Moreover, the plays in which father/daughter relationships figure (basically Lear and the four Romances) only come later.

The whole notion is a nineteenth century cliche anyway -- they thought that Shakespeare wrote only From The Heart, so that if he was writing a bitter satire, it meant that his soul was full of cynicism. We know now that Shakespeare was a commercial writer who wrote what was in fashion, and often devised roles in accordance to what the actors he had to work with could do.

We also do not know that when Shakespeare returned to Stratford, "his daughter took care of him." He had two daughters -- married one off just before his death -- and a wife. The temptation to see the unmarried one (Judith, I think) as playing Miranda/Cordelia/Marina to Shakespeare's Prospero/Lear/Pericles is sheer Victorian sentimentalism. Sarcasm Girl should reject it utterly!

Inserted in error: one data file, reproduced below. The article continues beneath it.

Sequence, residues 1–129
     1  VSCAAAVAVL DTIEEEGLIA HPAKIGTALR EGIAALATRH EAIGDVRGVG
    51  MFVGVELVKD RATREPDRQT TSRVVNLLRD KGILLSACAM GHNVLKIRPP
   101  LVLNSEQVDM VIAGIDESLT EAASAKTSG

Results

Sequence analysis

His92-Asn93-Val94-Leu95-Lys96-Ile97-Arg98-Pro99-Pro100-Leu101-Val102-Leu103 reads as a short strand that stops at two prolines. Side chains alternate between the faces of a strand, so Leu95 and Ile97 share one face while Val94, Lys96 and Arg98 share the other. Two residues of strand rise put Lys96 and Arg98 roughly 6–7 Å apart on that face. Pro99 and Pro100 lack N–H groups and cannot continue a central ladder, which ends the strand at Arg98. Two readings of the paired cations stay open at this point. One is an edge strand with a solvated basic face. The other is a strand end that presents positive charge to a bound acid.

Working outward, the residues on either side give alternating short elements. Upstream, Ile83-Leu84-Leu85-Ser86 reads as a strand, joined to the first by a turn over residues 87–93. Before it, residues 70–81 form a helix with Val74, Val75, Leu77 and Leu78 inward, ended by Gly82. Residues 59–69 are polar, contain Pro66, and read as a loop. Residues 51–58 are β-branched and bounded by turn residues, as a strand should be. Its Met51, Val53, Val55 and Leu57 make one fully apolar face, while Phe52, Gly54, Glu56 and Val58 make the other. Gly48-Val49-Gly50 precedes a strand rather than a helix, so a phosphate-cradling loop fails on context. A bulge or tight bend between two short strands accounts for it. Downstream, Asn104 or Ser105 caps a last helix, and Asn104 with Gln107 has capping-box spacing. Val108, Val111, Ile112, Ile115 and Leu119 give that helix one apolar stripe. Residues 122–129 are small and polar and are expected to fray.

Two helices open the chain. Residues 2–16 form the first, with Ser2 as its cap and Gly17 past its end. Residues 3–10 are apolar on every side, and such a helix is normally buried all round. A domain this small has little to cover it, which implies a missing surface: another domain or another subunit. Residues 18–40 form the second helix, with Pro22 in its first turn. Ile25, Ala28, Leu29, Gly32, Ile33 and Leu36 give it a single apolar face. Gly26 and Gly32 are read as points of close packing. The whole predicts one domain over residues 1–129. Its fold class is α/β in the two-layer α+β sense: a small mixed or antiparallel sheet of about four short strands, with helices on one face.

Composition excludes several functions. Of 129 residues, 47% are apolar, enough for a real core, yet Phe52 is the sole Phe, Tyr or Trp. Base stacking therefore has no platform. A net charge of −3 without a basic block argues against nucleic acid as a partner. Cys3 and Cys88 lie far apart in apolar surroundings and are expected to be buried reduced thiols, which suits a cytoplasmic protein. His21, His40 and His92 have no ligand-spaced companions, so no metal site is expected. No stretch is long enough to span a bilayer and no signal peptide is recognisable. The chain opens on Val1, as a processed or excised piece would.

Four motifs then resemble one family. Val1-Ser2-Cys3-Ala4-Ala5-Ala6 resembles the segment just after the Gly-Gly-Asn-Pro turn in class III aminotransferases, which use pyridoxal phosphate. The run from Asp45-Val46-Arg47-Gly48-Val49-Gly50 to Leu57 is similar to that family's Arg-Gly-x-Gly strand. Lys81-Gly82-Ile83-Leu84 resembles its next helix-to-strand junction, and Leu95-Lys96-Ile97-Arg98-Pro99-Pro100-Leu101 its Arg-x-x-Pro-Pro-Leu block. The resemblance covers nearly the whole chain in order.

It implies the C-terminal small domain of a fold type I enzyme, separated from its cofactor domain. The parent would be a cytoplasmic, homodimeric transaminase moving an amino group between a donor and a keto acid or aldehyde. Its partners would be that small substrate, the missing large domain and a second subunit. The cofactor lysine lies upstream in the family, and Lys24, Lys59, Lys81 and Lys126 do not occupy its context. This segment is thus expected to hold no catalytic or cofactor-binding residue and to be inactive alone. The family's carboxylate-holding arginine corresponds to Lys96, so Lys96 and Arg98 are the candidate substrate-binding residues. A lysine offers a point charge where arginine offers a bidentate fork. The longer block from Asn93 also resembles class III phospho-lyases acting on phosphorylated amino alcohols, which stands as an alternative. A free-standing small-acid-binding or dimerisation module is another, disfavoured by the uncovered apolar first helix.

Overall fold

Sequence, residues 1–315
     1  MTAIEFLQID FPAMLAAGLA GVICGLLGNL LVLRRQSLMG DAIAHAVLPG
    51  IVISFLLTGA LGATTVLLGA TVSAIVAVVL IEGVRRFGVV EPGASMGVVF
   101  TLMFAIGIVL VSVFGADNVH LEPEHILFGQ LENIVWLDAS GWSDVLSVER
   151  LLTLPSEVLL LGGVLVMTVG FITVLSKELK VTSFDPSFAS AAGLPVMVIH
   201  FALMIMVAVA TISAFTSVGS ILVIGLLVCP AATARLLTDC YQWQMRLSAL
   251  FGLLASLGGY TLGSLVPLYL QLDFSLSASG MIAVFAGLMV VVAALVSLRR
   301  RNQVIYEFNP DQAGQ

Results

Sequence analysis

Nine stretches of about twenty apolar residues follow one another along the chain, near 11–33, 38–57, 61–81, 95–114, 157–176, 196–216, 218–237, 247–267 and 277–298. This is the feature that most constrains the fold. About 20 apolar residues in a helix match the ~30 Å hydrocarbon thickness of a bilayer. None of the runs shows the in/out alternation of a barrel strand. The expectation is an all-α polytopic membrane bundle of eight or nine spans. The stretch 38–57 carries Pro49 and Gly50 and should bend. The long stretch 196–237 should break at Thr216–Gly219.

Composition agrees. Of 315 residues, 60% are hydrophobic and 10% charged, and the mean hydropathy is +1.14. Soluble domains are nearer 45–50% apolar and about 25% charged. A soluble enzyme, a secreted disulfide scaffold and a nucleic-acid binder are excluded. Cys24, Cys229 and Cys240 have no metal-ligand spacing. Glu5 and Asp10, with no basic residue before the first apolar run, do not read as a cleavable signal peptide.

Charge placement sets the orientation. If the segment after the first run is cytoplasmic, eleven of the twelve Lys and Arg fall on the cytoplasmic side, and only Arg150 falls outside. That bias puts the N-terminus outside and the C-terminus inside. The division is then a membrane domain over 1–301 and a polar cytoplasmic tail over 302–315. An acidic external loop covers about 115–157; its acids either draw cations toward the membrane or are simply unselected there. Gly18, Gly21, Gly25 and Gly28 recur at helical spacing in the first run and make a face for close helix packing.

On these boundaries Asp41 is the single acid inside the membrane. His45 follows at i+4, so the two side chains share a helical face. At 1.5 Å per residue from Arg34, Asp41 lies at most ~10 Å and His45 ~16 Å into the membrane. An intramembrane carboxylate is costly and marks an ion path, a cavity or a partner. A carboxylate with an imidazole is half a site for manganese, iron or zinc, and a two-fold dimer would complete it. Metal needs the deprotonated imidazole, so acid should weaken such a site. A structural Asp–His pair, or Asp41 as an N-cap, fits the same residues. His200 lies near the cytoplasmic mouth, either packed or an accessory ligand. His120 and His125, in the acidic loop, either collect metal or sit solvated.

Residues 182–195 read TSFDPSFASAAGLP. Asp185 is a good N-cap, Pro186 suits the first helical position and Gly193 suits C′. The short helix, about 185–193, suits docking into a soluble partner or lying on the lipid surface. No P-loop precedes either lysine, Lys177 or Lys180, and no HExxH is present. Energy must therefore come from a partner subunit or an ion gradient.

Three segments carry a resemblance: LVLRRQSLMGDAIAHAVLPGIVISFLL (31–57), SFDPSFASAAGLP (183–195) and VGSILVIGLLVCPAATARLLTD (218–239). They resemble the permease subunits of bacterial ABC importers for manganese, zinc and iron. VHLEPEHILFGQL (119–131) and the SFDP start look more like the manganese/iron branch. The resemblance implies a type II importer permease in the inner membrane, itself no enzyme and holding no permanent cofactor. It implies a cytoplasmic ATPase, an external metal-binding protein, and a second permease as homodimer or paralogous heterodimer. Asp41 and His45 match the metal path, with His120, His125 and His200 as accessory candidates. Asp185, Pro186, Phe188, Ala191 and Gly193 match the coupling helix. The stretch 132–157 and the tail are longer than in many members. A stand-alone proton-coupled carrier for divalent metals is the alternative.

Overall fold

(Hope you're no longer feeling grouchy.)

9:37 AM  
Blogger Madeleine Robins said...

Man, you get distracted and hit the "publish" button and all life goes crazy around you.

I enjoyed Will in the World, but I also thought Greenblatt made it pretty clear that it was, essentially, a thought experiment, not hard fact--or rather, that the hard facts he had to play with were about other people's lives, and that he was using them to tease out possibilities--again not facts--about Shakespeare. I haven't read the Hamlet book--which I know would be of interest to you--but will now add it to my list of books I want to get to.

12:01 PM  

Post a Comment

<< Home